In July of this year Pokemon Go swept across most of the planet like a digital tsunami. The countries it did not reach was actually a story for a while, and Olympians lamented their inability to catch Pokemon in Brazil. Pokemon Go was as intense a consumer tech news phenomenon as we have seen in quite a while.
And now? Picture tumbleweeds.
As measured by Google Trends search volume for the term "Pokemon Go" leapt from 1 on a scale of 1 to 100 on July 4, to 100 eight days later on July 12. It took eight days to go from the least searched about thing on the internet to the most searched about thing. As of today search volume for the term is down to 12 on the scale.
Another telling measure is my 14 year-old. In late July the boy who only spoke to his friends on Skype while playing games such as Overwatch, League of Legends, and CSGO was suddenly taking walks with his friends in order to recapture Pokemon Gyms. In August he and his friends were watching old episodes of the TV show out of nostalgia. By labor day he declared the game dead and he is starting to look pale again.
My 11 year-old tends to concur with his older brother. He believes the game to be 'mostly dead'. He is unlikely to open the app, unless I say there is a Squirtle nearby. He does not play it without some sort of prompt, but knows others in school who continue to actively play.
And adults? I still play out of a combination of professional curiosity (I want to see how it evolves) and a somewhat addictive personality. I am just about to hit level 20 and I am only 5 km from my 100 km medal. That I know those two things should be enough to explain my level of engagement.
The landscape I just painted, interestingly enough, is the exactly what the Pokemon audience has been for years. I learned this from the folks at Nintendo in London through work. The Pokemon sweet-spot is pretty young, the majority of their consumers are in elementary school. Most kids age out of the brand entirely, although some will continue to collect merchandise even though they stop playing the card game, video game and no longer watch the TV show. There is even a hard core which stays involved as adults. Nintendo has never found a way – or perhaps been willing to invest enough – to retain active brand enthusiasts as they age out of the sweet spot. They do what they can in the field, but HQ has never seen a real compelling reason to invest. Part of that reluctance on the part of leadership is due to living in the bubble of Tokyo, where Nintendo's brand is a behemoth in so many ways. But to be fair, how much would they really gain by investing more?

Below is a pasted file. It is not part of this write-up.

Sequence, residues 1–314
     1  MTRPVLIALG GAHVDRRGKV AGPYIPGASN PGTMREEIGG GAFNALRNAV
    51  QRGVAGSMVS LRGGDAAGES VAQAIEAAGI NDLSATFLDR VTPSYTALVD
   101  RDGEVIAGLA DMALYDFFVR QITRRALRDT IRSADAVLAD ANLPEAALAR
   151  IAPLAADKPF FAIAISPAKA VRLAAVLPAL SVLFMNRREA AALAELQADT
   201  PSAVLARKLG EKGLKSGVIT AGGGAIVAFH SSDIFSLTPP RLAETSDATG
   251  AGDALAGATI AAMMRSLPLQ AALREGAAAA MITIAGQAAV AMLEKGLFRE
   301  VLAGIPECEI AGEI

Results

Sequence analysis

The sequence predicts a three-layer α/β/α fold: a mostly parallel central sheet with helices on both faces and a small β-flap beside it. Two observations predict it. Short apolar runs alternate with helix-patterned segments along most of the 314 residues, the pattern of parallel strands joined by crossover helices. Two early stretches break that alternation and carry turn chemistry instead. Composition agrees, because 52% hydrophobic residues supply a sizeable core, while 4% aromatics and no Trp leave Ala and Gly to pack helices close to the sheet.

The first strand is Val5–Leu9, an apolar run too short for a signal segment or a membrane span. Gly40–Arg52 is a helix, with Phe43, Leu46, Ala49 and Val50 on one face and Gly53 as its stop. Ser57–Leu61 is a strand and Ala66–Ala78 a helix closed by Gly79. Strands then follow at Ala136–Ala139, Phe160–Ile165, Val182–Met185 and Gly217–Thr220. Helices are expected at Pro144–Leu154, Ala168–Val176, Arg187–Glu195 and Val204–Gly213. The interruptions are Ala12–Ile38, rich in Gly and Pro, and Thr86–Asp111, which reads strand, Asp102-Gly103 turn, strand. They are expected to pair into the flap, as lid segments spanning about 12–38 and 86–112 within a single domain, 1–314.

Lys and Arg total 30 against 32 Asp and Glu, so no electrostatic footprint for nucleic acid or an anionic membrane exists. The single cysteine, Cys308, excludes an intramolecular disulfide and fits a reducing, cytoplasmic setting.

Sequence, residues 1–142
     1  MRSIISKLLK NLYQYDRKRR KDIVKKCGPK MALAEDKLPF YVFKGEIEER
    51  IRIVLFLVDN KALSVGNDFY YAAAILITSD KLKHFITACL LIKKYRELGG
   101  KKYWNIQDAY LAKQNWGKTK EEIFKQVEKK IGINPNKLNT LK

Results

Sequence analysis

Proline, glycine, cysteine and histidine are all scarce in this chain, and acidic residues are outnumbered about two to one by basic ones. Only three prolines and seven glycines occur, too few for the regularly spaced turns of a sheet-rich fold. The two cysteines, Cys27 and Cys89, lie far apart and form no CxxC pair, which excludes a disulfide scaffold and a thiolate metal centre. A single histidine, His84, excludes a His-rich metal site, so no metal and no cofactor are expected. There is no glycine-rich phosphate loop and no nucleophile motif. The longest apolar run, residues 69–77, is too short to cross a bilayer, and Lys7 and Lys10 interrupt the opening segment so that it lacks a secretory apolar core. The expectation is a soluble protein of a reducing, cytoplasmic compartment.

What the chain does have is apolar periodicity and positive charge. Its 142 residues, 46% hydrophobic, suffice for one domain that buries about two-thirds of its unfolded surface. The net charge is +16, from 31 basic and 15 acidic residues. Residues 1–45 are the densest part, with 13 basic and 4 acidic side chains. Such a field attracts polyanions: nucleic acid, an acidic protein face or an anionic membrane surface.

Pokemon Go, for 60 days anyway, looked like it might represent a motivating reason to try and extend brand engagement to a wider, and older audience. And certainly Pokemon Go is not dead, but it has crested and will continue to fall in popularity. If Nintendo can figure out how to capitalize on the huge spike in brand awareness and brand nostalgia the game created -- for what is a very mature brand -- the company should have a very profitable holiday season.
More importantly, back to the tumbleweed analogy. The tumbleweed is a plant that breaks off from its base when it dies and is carried along the ground by wind. Why does it do this? That is how it resows, dispersing seeds as the wind rolls it along. And that is exactly what I expect Pokemon Go to do. When all the clients got back from August vacation they called their agencies and demanded the next Pokemon go. Same is true for many mobile software studies and consumer brands. Make me the next Pokemon Go.
How long will it be before we see the MARVEL version of Pokemon Go? Within the next year, certainly. MARVEL (I've worked with them, they really want the brand in ALL CAPS) -- has more than 700 characters. And those characters group easily into teams. Perhaps not the 347 teams listed in the MARVEL database, but they have many major categories including the Asgardians, Avengers, Brotherhood of Mutants, Deadpool Corps, Fantastic Four, Guardians of the Galaxy, Hydra, S.H.I.E.L.D., X-Men and more. Those groupings lend themselves to a much more interesting take on teams and battles than the limited offering from Pokemon Go. Of course, there is no reason D.C. Comics could not beat them to the punch.
There are so many interesting ways to build upon what Niantic created with Pokemon Go, expanding and improving to make gameplay less repetitive and more sticky. Finding ways to incorporate short-term (think movie releases in the MARVEL analogy), partnerships and eCommerce. In brainstorms across the world teams of people are thinking about this. Many of them will get nowhere. No, the world does not need a motor oil branded version of Pokemon Go where you collect NASCAR drivers and cars. Or heaven forbid, a P&G version where we collect consumer products in the aisles at Target. But some, more appropriate ideas will succeed and I am looking for to seeing how the concept evolves.
My point is that, like the dying tumbleweed, Pokemon Go is propagating even as its popularity wanes.